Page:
Exploring Lunar Phases

George Mason Observatory’s ‘Evenings Under the Stars’ series (where you’ll also get to look at awesome galaxies, stars, planets and more through our 0.8 meter telescope!) is back for Spring 2014!  The next event will be Monday, March 10th and will feature a talk by Darryl Wilson on ‘Lunar Phases’! Talk at 7:00 PM. Observing starts at 7:30PM until 9:30PM. Arrive at the lobby of Research Hall. As always the event is free and everyone is invited!  We hope you can come out and join us!

Remember that there will only be one talk given during each observing session so make sure you don’t miss it!  Directions to GMU and Research Hall here: http://eagle.gmu.edu/map/fairfax.php   Zoom in to find Research Hall next to engineering building and York River Rd.  Keep an eye on twitter for updates – Just keep an eye out for weather – the event may be postponed or cancelled due to bad conditions – updates will be available here – Observatory Twitter

About the talk:

The moon is one of the brightest and most stunning objects in the night sky.  It is large enough to show recognizable detail with almost any size telescope.  This talk will describe moon and its’ phases as it orbits around Earth – with a focus on what surface details one can observe on a typical night.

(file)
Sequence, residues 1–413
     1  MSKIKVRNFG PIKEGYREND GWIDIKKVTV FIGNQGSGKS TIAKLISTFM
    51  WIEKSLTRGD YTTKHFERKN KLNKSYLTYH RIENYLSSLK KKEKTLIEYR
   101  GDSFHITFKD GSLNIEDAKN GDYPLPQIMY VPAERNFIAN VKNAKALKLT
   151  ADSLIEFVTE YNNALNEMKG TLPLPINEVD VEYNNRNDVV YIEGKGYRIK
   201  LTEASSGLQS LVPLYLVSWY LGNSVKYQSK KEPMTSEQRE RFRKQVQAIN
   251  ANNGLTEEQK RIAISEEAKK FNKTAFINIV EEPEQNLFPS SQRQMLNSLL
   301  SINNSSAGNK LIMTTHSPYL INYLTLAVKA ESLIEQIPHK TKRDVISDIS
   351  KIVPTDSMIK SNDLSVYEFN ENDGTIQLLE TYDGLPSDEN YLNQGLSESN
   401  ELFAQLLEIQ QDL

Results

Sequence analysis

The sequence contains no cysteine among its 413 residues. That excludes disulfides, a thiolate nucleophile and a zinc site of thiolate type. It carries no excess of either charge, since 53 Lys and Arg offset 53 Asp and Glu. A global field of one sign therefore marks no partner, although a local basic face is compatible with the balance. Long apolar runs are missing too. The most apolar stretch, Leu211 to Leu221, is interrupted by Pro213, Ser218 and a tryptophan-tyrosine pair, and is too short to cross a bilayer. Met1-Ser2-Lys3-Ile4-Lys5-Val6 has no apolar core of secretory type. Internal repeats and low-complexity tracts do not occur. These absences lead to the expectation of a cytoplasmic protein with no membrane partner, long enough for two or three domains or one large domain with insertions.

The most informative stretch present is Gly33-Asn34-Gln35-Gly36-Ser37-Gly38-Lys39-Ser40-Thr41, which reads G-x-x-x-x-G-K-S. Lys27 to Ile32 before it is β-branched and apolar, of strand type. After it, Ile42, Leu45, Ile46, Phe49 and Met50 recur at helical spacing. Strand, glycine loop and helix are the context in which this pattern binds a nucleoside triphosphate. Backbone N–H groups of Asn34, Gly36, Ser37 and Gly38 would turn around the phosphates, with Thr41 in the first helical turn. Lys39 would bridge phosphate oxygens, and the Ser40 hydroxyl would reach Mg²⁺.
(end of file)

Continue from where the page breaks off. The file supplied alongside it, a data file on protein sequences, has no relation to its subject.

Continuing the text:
About the speaker:

Darryl Wilson is a semi-retired earth remote sensing scientist and a former student athlete at George Mason University.  Since becoming an amateur astronomer at age 12, he has spent many thousands of hours observing, photographing, and videotaping the wonders visible in the sky including stars, nebulae, galaxies, the sun, and the moon and planets in our solar system.  An expert in computer algorithm development, he has developed computer code for real-time video rate image acquisition, image processing, and orbital mechanics simulations for astronomical applications.  Mr. Wilson currently offers his time in support of research efforts involving the observatory at George Mason University.